I have been eager to dine here since it opened so when were were invited along to see The Salutation Inn for ourselves, I was over the moon!

Our tasting menu tonight had been carefully put together by Tom and cooked by himself personally – it was a showcase of this chef’s talent and exacting nature with the dishes that leave the Salutation’s kitchen.

Arriving through the historic single leaf door, we were greeted by Amelia (Tom’s partner & Hotel Manager) and her team. Taking a comfortable seat in the modern and tasteful drawing room, we selected our wine on recommendation, which was a delightful 2014 Banfi, Toscana San Angelo Pinot Grigio which was the perfect accompaniment to our meal.

Before our meal though were three delicious canapes, perfectly balanced morsels presented tastefully on slate.

The duck liver parfait and celeriac was presented in a tiny jar with an even tinier spoon to scoop.  Both being fans of parfait and small spoons, we were excited when we were presented with this lovely selection.

With our parfait we also had a Cheese Choux Gougere and Tomato & Basil Arancini as well, both delicate and quite delectable.

Our table ready, we were moved into the main restaurant for the first course in our tasting menu.  The restaurant is tasteful, modern and relaxing without too much distraction from the main pieces of artwork that were plate-based.  The seats were particularly comfortable, the cutlery was clean and the glasses shone.  The attention to detail is not just reflected in the food.

On route to the restaurant, Tori had remembered how much she loved Tom’s scallops having had them previously at an event last year.  Two things she loves is scallops and peashoots so imagine the joy when the apperitif appeared.

Just as we had both remembered, the scallops had a soft silkiness to them and with the earthiness of the peas and the savory palette of the bacon; it came together.  Having never had a seafood item with bacon, this is something I would love to try again.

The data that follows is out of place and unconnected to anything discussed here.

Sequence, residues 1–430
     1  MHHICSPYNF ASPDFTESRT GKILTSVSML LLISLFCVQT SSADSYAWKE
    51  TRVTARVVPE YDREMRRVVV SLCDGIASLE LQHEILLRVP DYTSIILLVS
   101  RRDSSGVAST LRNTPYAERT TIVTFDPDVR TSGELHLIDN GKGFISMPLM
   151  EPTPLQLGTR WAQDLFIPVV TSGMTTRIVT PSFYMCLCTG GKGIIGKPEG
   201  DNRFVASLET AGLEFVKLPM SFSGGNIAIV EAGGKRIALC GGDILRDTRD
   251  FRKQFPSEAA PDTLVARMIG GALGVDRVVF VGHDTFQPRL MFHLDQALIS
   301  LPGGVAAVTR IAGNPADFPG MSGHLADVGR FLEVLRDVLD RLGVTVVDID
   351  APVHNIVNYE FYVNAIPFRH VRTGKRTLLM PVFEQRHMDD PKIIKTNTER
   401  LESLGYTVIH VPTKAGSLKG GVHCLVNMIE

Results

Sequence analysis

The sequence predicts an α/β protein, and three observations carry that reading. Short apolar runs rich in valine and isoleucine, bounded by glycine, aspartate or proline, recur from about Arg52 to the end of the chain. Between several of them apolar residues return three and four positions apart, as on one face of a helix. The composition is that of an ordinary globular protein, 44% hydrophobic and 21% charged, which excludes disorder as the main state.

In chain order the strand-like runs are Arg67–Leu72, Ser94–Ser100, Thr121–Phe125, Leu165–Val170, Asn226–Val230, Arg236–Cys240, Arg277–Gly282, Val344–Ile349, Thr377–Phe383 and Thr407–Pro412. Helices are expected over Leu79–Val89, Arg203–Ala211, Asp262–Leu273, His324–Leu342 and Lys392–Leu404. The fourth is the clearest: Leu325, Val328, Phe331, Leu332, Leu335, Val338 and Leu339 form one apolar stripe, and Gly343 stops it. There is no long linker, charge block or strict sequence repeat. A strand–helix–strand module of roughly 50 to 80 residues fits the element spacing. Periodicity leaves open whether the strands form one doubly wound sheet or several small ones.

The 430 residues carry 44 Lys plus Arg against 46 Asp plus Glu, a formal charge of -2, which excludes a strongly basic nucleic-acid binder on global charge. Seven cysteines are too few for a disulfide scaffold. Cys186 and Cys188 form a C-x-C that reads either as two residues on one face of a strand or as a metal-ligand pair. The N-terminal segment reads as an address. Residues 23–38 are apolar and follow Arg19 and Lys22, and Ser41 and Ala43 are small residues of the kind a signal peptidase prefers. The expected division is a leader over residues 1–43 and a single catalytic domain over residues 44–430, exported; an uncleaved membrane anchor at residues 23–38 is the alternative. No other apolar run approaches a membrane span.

Our next course was a Beetroot Salmon Gravadlax with Horseradish Ice Cream.  A colourful cacophony visually and in its taste.  Gravadlax is cured Salmon; typically buried in salt, sugar and dill – this is a Scandinavian method of curing fish which I’ve never tried before – which was delicious.  The River Exe salmon that The Salutation Inn serves is one of the few places in Exeter serve this rarity, given the fishing of these fish are controlled so strictly.  During the season Tom’s father, Ed Willams-Hawkes catches the fish and walks them up to the restaurant freshly caught.

Lightly curried Monkfish, mussel and apricot cannelloni served with leeks and saffron sauce was our first main.  Perfectly presented, the saffron sauce and monkfish worked together with the earthiness of the mussels.  The mussels were silky and expertly cooked.

Our final main was Brixham turbot, lobster, asparagus and wild mushrooms.  A beautiful buttery sauce and the richness of the lobster certainly had me.  We had previously seen Tom cook a lobster at the Food & Design Festival at Sapphire Spaces last year, so this was a definite highlight of the meal.  Lobster is tender and sweet, a meat that can take a bit of getting used to if you’re new to it, but very rich in taste and not ‘fishy’ like some seafood can be.

After such a variety of dishes we finished off the meal with a White Chocolate Granny Smith, white chocolate ice-cream with a wall of apple crumble lining the perimeter.

After the meal diners can retire to the drawing room for tea and coffee.  We received Petit Fours as compliments from the chef, which included macarons, fudge and a wonderfully refreshing iced mint glace.

This is what The Salutation Inn is all about.  Luxury, local produce in a menu that changes dependent on season and ingredients cooked by a talented chef who healms one of the most desirable places to stay in the UK…